Tensions on the Korean Peninsula
Geneva, 24 November 2010
It is with great concern that we received the news about the escalation of tensions on the Korean peninsula. Yesterday’s use of artillery and reports of casualties on Yeonpyeong Island in the Yellow Sea are especially serious examples of incidents that stretch back to 1953 when the Korean War ended, without a ceasefire.
During the past several decades, the World Council of Churches has been engaged in peace and reconciliation efforts on the Korean peninsula. The World Council of Churches’ unequivocal position has been that the use of force and military power will not resolve the problems that deprive the Korean people’s aspiration for peace and reconciliation. The recent violent incidents also demonstrate once again how the unresolved divisions between the two Korean states pose a serious threat to peace and stability in the region. The whole people of the Korean Peninsula deserve a common future with justice and peace.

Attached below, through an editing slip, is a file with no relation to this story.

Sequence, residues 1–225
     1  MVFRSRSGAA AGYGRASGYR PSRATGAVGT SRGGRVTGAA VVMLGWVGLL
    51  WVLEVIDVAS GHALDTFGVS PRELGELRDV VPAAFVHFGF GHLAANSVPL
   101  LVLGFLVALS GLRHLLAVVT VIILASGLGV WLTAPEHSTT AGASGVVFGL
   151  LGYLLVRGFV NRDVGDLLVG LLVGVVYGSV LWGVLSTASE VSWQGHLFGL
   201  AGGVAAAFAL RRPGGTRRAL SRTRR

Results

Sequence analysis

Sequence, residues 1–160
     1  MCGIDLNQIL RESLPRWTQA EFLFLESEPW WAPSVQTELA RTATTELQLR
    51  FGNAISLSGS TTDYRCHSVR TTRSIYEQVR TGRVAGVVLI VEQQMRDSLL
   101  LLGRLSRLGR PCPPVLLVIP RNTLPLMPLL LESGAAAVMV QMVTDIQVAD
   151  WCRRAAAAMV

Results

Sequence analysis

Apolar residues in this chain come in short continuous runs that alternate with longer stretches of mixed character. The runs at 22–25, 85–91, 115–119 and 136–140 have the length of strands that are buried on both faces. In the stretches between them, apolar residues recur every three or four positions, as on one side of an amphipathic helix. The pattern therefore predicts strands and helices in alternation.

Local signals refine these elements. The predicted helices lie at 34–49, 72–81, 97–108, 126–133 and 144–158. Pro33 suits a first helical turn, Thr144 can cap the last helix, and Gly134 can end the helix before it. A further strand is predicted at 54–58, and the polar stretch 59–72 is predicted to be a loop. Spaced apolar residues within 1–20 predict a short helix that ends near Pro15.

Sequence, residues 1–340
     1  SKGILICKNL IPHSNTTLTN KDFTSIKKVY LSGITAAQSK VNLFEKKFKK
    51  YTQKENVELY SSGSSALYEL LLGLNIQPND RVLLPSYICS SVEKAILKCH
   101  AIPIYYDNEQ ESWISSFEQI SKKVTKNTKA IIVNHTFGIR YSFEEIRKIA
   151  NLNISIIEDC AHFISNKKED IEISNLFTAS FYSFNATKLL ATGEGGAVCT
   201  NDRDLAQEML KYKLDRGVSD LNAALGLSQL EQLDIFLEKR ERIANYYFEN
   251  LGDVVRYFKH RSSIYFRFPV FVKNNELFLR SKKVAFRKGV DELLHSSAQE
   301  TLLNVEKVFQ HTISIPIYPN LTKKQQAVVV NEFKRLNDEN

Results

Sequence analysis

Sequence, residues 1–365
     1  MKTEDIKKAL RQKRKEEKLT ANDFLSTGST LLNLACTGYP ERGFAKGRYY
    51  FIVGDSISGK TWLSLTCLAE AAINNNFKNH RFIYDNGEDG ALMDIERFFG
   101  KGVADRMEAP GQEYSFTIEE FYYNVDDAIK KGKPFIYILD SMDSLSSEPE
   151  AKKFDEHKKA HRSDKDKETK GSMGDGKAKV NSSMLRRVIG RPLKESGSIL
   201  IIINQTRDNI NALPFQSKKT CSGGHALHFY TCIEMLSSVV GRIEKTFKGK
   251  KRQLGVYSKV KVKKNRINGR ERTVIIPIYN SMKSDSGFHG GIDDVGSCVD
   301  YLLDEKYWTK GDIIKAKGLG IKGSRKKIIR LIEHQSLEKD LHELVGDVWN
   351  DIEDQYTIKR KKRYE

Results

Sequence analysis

In the interests of people in both countries and their neighbours in Northeast Asia, the World Council of Churches urges the authorities in both North and South Korea to refrain from actions that exacerbate the tensions. We pray for God to protect all who live under threat and sporadic violence and all who yearn for peace and good relations between neighbours. We call for the governments of North and South Korea to demonstrate the genuine will to return to peace negotiations that will lead to peaceful co-existence and mutual respect, and to engage in a new process of confidence-building measures at the earliest possible date.
Rev. Dr Olav Fykse Tveit
WCC general secretary